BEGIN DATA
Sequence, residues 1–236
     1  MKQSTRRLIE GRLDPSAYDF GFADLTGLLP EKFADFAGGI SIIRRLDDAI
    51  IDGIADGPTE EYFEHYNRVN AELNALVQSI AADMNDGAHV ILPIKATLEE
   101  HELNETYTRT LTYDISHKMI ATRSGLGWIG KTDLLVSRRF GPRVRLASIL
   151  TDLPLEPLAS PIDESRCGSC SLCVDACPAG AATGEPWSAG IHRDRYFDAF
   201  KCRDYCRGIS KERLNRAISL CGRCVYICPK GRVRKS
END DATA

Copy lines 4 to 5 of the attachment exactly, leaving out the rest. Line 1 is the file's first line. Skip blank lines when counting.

   101  HELNETYTRT LTYDISHKMI ATRSGLGWIG KTDLLVSRRF GPRVRLASIL
   151  TDLPLEPLAS PIDESRCGSC SLCVDACPAG AATGEPWSAG IHRDRYFDAF